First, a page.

[1] Nathan Lowell (2014) Owner’s Share (Trader’s Tales From The Golden Age Of The Solar Clipper) (Volume 6)

 

 

Buffalo, Wyoming: A Winter Wonderland

What’s a girl to do when big crowds and hot temperatures send her running for the hills?  

Why she visits the iconic summer destinations in the winter, of course!

Living with severe environmental (sun and heat) and food (soy and yeast) allergies travel can be a real pain. In December 2015 my husband came to me with an idea.  We needed to travel six hours north of Colorado Springs…Why?… Because, he explained, “we have been six hours or more in every other direction”. Makes total sense. Hubby did some research and we decided on our destination.

We went to Buffalo, Wyoming.

A place where old and new meld beautifully into a winter wonderland, rich in history yet hip and modern. No matter when you visit, there is history to be reveled in around every corner of the town.

From the Occidental hotel, to historic down town, everywhere you look you can catch a glimpse of the glory days for this small town.

Not the best lighting, but a wonderful historic building with literary ties.
Not the best lighting, but a wonderful historic building with literary ties.
A better view of the Occidental Hotel. Yes, you can still stay in this hotel. http://www.occidentalwyoming.com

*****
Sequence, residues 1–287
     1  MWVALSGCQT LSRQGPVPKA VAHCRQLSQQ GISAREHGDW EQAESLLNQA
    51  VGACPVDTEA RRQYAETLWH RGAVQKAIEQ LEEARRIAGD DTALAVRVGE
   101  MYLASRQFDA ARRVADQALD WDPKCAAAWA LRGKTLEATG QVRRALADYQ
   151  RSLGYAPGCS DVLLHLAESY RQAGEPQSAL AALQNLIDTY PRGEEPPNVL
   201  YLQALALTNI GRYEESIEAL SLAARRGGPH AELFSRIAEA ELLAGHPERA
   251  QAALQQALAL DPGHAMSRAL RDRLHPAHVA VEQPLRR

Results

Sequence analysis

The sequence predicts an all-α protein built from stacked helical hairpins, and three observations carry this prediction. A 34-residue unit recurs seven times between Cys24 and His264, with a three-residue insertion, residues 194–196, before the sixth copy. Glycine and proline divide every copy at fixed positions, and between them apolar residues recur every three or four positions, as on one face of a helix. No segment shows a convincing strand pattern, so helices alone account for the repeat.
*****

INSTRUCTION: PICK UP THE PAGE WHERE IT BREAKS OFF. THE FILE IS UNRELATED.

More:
A better view of the Occidental Hotel. Yes, you can still stay in this hotel. http://www.occidentalwyoming.com

For the literary buffs out there, you will know this gem as the place where, the Virginian got his man. While the historians will know it for the role it played in infamous story of Butch Cassidy, the Sundance Kid, and the Wild Bunch.  For those who love the story lines of Craig Johnson in his Longmire series, especially if you have watched the show on A&E/Netflix you will recognize the scenery when you walk the paths in Buffalo Wyoming, as the fictional Longmire country.

And if you are in doubt that you’re in the right place, the “Longmire for Sheriff” signs all over town will confirm my description.

In summer time, locals and tourists a like, fill the streets to over flowing.  Whether they are stopping over on their way to Mount Rushmore or Yellowstone the town more than doubles in size in the summer months, making a stay in Buffalo more expensive – and for me more stressful – than it is in the off season.

In the winter, however, the small town feel returns to Buffalo.

Hotels can take time to deep clean their rooms, as the Hampton Inn we stayed at were in the process of doing.